March 8, 2019

News in Charts: Argentina and Turkey sovereign fragility getting worse

by Fathom Consulting.

Fathom’s Sovereign Fragility Index (SFI) gauges sovereign risk based on fundamental economic drivers of sovereign yield spreads. Besides government debt, this includes domestic bank assets, for which the government may ultimately become liable in the event of a banking crisis. It does not consider market pricing, and therefore provides an independent assessment of what government yield spreads ought to be, irrespective of the market’s perception of sovereign risk.

We have recently updated the Index for 2018 Q4:  the biggest movers were Argentina and Turkey. Both their SFI scores shot up, and Argentina again reached the maximum reading of 10. An SFI score above 3 implies that a government’s debt is fundamentally ‘junk’ — Argentina has been above this threshold since 2016 Q2.

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The main driver of the deterioration in our model’s assessment of Argentinian and Turkish government debt is the steep rise in inflation which accompanied sharp falls of the peso and lira in the second half of last year.

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These latest readings highlight the risks for a country’s currency that unsustainably large current account deficits can bring. These are also risks for the sovereign ― especially when it is heavily indebted in foreign currency. Not only should this increase the credit risk premium on a sovereign’s debt, but the subsequent overshoot of inflation far above its target should drive up the inflation risk premium, too.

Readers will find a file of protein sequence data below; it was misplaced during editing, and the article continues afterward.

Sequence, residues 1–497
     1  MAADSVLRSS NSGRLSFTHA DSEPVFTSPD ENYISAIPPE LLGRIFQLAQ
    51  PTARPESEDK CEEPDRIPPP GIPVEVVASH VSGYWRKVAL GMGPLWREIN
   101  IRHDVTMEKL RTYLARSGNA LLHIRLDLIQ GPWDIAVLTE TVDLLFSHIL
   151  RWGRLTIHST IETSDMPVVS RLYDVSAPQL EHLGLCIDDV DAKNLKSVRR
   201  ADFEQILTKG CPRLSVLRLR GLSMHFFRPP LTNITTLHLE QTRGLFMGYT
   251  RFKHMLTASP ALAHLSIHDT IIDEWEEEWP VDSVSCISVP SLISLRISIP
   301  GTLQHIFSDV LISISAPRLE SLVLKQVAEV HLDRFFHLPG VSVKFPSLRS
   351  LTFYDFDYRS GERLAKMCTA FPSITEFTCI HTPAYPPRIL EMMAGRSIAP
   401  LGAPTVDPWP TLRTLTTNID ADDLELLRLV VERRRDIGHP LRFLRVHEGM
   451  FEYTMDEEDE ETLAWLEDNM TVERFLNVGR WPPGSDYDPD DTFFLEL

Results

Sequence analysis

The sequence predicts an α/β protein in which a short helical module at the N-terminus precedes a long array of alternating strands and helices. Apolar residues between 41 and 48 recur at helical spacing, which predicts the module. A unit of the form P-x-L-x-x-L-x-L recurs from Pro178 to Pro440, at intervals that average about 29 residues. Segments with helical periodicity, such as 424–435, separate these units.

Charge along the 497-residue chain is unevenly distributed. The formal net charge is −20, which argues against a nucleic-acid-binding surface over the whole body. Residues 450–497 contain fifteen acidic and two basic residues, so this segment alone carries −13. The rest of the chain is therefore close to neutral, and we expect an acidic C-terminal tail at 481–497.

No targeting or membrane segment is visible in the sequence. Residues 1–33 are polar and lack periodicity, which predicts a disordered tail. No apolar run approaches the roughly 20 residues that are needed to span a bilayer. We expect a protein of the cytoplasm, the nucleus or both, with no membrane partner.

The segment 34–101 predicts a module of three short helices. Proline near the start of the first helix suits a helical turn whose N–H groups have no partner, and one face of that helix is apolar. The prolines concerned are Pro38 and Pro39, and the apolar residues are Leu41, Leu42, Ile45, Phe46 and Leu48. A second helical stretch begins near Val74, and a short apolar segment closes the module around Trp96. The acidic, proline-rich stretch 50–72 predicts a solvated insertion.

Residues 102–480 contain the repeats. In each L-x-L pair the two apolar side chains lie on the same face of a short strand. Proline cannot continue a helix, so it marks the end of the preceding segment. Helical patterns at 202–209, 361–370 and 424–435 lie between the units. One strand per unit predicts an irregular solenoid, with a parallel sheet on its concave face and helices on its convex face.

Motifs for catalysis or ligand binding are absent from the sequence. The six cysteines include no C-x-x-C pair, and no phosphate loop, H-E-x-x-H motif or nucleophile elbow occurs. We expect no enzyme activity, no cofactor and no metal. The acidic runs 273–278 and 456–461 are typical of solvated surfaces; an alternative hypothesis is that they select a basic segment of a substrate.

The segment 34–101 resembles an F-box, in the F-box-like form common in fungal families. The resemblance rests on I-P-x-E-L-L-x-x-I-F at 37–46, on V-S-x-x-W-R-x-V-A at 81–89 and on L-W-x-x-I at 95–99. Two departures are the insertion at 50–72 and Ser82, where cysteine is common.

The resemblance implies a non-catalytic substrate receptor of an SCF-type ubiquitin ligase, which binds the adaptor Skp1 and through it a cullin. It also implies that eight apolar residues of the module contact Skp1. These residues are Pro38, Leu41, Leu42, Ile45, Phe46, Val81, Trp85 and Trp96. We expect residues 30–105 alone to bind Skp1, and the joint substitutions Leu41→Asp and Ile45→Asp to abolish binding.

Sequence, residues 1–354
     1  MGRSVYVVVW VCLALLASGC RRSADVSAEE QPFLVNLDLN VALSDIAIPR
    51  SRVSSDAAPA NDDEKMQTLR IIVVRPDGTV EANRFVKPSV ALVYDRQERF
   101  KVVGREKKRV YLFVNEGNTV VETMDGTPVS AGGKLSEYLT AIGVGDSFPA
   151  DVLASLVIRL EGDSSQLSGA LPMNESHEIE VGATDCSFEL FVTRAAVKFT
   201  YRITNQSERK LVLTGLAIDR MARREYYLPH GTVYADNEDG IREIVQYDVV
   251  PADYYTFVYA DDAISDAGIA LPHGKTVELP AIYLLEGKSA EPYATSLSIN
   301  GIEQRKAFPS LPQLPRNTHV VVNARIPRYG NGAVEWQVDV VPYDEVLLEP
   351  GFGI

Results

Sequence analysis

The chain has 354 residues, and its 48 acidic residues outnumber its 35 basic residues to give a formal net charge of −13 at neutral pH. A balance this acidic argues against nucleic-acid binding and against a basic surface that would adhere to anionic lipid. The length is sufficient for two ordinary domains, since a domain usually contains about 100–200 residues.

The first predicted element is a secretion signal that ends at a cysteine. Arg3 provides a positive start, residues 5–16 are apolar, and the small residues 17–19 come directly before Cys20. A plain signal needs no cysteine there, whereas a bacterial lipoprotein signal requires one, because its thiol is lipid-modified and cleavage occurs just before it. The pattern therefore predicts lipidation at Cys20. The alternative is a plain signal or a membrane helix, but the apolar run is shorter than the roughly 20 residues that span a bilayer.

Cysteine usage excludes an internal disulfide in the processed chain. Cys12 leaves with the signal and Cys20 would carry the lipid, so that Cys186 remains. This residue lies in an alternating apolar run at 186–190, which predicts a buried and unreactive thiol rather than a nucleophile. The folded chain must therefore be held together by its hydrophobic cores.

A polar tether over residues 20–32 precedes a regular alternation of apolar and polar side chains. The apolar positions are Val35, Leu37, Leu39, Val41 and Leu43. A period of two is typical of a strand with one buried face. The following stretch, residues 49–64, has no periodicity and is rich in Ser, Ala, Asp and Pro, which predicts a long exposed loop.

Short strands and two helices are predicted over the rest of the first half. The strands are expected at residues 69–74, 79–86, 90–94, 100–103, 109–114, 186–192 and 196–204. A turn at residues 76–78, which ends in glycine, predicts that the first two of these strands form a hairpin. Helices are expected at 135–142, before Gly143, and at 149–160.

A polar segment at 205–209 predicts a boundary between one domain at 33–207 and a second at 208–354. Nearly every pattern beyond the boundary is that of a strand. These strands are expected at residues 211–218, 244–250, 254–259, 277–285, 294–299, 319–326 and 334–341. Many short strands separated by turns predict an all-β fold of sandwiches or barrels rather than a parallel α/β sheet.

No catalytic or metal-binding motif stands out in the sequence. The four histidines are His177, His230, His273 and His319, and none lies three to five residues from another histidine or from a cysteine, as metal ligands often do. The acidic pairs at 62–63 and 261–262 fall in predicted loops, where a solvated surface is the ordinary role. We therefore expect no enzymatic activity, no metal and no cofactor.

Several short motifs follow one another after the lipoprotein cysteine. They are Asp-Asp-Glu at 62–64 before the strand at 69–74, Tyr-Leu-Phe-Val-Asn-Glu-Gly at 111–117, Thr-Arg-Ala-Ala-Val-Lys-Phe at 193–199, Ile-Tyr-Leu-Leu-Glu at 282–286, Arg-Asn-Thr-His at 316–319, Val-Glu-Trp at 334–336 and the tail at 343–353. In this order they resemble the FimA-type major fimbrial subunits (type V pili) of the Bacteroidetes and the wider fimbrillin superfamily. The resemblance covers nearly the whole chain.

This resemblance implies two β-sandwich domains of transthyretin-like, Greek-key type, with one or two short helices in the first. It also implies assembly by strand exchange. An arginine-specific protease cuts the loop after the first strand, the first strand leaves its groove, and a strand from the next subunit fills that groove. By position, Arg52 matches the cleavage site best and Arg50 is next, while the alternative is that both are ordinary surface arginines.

However, yields on Turkish government debt peaked in August of last year and have continued to fall since. Argentinian yields also remained broadly flat throughout the second half of 2018, potentially under-pricing the risks that remain in these two economies.

Turkey and Argentina contrast with developments in other markets, where the outlook is relatively rosier ― amongst the other risky countries in the SFI are Brazil, Russia and Portugal, which all continued to see an improvement in their implied level of risk.

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